Toy makers follow the guidelines established by the U.S. Consumer Product Safety Commission (CPSC) in determining the age grading of a toy. The CPSC now requires labeling on toys designed for children between the ages of 3 and 6 that can pose a choking hazard for children under age 3. The labels must specifically state that the toy is unsafe for children under 3 and the reason for the warning. According to CPSC, among toy-related deaths, the leading cause was choking on small balls or toy parts.

Avoiding Choking Hazards

  • Avoid letting your toddler (ages 3 and under) play with small toys and parts. Children in this age group still “mouth” objects which can lead to accidental ingestion or choking. A small parts tester can help determine if an object is a choking risk.
  • Make sure that the toy is sturdy and that no small parts (such as eyes, noses, buttons, wheels, or other parts) can break off the toy.
  • Choose well-made stuffed animals.
  • Choose toys made of durable materials with no sharp edges or points.
  • Avoid toys that shoot or have parts that fly off.
  • Batteries and magnets, especially small ones, can be particularly dangerous.
  • Do not allow young children to play with latex balloons.
  • Don’t buy hobby kits or chemistry sets for children under 12.

More Advice

  • Check under your furniture and between seat cushions for choking risks. These include coins, marbles, watch batteries, magnets, buttons, or pen and marker caps.

The best way to protect your young child from injury is to supervise him or her when playing with toys and to provide safe, hazard-free environments for both inside and outside play. Go to Consumer Product Safety Commission for more toy safety tips and toy recalls.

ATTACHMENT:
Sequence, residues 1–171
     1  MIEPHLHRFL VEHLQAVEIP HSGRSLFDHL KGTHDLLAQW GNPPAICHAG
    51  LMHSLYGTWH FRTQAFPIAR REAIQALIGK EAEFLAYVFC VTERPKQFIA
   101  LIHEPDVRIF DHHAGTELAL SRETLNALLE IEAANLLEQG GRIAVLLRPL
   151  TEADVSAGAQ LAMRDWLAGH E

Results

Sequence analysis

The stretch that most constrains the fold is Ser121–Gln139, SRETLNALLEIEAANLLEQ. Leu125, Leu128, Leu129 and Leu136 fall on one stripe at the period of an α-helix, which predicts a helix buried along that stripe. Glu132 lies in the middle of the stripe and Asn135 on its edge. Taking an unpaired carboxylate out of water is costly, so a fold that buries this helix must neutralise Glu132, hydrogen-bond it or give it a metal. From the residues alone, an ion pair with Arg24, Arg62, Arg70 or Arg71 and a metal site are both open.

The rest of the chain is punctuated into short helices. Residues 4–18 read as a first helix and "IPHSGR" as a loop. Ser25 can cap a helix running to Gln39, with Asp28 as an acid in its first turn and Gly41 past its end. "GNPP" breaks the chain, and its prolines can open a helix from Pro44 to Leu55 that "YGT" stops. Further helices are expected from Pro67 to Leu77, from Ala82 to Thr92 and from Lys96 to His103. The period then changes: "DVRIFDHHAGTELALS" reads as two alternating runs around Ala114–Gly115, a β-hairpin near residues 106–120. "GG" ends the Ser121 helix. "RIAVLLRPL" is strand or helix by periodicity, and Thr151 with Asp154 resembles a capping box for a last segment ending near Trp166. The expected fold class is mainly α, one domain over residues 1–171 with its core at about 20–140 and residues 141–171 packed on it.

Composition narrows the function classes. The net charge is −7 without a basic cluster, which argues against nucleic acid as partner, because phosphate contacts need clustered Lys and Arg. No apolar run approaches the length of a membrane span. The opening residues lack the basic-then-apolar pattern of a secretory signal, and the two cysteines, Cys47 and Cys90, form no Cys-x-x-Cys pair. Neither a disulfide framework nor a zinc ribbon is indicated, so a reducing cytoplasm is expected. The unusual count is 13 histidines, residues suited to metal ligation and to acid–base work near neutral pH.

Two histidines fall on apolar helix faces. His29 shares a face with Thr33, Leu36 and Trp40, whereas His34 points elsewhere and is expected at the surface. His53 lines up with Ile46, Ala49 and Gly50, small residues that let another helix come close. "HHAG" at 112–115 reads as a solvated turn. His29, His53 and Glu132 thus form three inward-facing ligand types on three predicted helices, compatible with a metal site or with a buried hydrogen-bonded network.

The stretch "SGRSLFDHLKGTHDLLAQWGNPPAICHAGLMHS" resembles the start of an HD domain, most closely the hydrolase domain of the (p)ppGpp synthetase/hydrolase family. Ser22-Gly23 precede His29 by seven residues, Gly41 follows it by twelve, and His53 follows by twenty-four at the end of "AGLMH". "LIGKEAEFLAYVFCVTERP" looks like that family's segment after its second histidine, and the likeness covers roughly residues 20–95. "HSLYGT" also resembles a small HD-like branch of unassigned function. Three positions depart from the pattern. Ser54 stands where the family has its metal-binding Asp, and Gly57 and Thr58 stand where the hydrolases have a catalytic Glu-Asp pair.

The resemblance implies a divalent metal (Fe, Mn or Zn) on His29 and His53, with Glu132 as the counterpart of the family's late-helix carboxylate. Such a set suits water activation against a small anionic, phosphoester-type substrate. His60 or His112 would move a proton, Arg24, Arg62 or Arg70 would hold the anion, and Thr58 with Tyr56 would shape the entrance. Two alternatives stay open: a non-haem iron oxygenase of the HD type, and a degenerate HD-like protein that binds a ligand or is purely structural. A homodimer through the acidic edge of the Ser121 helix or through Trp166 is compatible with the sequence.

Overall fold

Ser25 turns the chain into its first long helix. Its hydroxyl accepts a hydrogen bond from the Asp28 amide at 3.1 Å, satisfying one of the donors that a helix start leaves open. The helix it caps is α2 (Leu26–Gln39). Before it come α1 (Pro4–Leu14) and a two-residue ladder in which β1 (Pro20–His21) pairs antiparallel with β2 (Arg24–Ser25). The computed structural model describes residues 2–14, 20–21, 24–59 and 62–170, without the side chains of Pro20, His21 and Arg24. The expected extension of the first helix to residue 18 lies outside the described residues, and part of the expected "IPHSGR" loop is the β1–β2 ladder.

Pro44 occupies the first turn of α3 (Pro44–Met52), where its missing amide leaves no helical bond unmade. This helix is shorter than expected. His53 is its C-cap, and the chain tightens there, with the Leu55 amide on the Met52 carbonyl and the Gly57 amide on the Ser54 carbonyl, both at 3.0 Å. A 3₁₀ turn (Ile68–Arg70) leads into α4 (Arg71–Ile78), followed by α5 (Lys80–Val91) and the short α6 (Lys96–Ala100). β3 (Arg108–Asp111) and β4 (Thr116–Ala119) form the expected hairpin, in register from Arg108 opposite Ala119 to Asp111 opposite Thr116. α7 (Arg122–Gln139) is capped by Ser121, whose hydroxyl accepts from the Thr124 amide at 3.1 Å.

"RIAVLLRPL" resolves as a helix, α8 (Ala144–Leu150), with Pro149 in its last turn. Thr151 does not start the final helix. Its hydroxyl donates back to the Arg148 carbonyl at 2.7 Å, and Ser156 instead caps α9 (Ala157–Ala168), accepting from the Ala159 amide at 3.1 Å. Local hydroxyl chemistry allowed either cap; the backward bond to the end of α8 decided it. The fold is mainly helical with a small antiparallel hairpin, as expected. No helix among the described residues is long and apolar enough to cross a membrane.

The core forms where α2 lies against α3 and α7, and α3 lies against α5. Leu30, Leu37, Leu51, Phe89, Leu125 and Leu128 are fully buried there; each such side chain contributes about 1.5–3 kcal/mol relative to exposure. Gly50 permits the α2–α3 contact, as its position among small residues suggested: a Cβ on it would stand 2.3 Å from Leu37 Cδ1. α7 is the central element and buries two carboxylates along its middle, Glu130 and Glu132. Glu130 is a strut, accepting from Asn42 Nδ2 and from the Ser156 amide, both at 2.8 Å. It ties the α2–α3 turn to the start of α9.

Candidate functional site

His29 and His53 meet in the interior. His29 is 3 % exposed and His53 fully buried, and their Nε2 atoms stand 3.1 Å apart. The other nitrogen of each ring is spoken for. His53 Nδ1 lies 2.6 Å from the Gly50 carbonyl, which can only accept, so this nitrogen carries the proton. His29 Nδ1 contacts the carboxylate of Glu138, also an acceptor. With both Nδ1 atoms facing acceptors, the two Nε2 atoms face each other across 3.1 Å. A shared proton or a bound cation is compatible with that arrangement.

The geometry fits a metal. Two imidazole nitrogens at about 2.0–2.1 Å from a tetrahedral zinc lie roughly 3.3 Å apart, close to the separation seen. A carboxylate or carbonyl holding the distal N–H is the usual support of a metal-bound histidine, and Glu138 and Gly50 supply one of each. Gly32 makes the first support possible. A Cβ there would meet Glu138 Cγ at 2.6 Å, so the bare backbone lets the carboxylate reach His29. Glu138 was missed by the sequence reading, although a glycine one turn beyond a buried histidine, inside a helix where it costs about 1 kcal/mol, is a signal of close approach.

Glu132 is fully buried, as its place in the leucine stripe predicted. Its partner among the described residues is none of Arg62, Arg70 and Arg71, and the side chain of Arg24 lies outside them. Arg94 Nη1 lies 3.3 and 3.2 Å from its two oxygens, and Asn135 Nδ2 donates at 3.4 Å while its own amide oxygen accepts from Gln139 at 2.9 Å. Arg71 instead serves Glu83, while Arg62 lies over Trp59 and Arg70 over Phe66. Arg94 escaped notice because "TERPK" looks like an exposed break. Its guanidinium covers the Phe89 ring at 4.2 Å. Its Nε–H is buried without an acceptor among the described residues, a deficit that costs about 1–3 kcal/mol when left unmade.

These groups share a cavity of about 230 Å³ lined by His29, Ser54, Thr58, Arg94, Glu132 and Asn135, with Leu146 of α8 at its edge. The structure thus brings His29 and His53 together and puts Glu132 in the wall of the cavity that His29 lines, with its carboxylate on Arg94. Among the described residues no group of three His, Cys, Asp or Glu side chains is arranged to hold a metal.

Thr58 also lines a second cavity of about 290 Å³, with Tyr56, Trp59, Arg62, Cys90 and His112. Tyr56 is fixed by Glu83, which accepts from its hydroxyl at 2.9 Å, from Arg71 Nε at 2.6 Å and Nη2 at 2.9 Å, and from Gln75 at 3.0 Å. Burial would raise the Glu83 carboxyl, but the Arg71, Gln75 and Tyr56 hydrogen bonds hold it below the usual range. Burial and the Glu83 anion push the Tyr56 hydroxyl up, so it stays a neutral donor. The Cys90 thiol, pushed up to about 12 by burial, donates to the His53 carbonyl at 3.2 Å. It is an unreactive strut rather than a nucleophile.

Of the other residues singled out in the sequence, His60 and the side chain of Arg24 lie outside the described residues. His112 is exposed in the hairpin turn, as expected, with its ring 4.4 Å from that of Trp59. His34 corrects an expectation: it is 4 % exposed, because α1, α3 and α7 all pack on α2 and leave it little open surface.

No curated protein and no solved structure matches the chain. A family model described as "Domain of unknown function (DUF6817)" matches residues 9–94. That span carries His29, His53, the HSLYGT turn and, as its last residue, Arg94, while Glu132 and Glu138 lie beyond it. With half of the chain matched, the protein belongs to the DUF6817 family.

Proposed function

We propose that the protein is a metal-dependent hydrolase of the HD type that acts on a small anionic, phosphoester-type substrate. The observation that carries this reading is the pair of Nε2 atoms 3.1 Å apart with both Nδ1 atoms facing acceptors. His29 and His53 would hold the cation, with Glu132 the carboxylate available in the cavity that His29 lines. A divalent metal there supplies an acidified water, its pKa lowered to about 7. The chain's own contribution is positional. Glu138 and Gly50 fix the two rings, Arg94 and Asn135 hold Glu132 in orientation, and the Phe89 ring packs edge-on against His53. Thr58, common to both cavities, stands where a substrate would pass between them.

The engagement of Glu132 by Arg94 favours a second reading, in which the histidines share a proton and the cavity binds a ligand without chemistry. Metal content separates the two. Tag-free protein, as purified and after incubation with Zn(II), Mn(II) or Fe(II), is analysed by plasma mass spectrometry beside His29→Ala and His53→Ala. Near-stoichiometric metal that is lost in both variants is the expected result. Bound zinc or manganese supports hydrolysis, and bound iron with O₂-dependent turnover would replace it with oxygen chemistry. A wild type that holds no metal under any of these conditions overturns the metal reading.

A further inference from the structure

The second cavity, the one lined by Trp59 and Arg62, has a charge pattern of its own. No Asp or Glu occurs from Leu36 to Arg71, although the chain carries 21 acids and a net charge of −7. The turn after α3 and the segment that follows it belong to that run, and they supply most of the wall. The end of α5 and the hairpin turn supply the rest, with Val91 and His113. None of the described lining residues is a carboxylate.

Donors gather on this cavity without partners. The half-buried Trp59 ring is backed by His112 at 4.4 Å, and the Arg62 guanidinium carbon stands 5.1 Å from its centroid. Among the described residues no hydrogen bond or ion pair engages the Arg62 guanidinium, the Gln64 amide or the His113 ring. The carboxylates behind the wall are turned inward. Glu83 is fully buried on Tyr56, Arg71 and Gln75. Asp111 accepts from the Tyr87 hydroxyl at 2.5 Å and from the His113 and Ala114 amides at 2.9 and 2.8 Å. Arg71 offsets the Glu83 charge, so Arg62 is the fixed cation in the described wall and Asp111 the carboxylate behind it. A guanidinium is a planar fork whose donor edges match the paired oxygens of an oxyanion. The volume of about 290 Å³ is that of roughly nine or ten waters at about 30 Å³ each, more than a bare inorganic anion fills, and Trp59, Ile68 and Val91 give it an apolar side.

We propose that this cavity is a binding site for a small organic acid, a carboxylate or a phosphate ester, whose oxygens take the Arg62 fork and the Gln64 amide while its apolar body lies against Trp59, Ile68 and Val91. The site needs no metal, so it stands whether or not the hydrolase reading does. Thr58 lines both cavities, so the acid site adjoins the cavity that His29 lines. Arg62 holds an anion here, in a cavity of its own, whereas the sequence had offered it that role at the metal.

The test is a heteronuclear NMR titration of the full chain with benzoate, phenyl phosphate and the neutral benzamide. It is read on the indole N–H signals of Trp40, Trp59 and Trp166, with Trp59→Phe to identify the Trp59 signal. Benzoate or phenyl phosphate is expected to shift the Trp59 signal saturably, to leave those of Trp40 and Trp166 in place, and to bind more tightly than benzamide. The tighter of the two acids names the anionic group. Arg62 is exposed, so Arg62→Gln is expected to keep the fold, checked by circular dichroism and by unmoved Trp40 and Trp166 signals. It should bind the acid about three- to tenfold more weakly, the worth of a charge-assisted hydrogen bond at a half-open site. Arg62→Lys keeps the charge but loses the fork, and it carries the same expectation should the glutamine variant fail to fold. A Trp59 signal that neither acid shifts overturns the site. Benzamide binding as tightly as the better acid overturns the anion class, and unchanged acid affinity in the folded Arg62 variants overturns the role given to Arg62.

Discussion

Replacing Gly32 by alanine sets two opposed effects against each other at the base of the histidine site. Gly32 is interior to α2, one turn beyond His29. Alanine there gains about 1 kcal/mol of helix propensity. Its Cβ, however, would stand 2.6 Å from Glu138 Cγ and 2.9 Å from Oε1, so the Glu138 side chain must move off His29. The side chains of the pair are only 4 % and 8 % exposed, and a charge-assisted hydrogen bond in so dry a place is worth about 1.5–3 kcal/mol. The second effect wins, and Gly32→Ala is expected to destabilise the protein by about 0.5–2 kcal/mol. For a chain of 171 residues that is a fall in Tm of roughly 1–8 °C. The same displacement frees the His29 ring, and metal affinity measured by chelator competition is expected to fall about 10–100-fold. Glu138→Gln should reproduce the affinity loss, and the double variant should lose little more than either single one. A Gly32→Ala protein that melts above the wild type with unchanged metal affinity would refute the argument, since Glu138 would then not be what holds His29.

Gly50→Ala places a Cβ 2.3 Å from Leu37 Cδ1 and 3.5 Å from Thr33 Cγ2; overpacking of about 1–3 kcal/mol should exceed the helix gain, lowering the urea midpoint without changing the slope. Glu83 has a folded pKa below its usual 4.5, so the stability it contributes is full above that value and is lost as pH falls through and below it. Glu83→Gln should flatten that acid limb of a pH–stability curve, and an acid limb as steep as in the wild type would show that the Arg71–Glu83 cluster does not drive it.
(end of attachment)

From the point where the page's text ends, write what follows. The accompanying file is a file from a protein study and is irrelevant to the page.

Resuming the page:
Barbara B. LeBlanc, LCSW-BACS is the Director of The Parenting Center at Children’s Hospital and grandmother to two beautiful granddaughters and eagerly awaiting one baby boy.

How to Wear Your Seat Belt While Pregnant

Cheryl Tschirn, RN, BSN

Although traveling during pregnancy is normal and a lot of women do it, it is important for pregnant women to practice safe driving while pregnant. The Centers for Disease Control and Prevention (CDC) estimates that 32,800 pregnant women are involved in motor vehicle crashes every year.

Should you buckle up? 

Yes, you should buckle up. Doctors recommend wearing a seatbelt at every stage of your pregnancy. This is the most effective way to protect you and your baby in a car accident.

What is the right way to buckle up?

  • Only travel in vehicles with three-point restraints.
  • Your shoulder belt should be away from you neck but on your shoulder.
  • The shoulder belt should be placed between your breasts and to the side of your belly.
  • Your shoulder belt should never be placed behind your back or under your arm.
  • The lap belt should be placed below your belly. The belt should fit snug across your hips and pelvic bone.
  • Also, your lap belt should not be placed on your stomach.
  • Avoid wearing bulky clothes so the belt can be close to your body.

How should I adjust my seat?

  • Make sure you are comfortably positioned upright.
  • You should also be positioned comfortably away from the steering wheel and pedals.
  • Keep as much distance from the steering wheel and your belly by moving your seat back and slightly tilting it away. Also, tilt your steering wheel towards your breastbone and not your belly. Your breastbone should be at least 10 inches away from the steering wheel.
  • Try not to recline excessively in order minimize the gap between your shoulder and seat belt.

Are air bags safe?

  • You should leave your air bags on in your vehicle. Air bags and seat belts work together to provide the highest protection for you and your baby.
  • The American College of Obstetricians and Gynecologists states the benefits of an air bag outweighs the risks to a pregnant woman and her baby.
  • Side air bags do not pose a risk either.

What should I do if I am in an accident?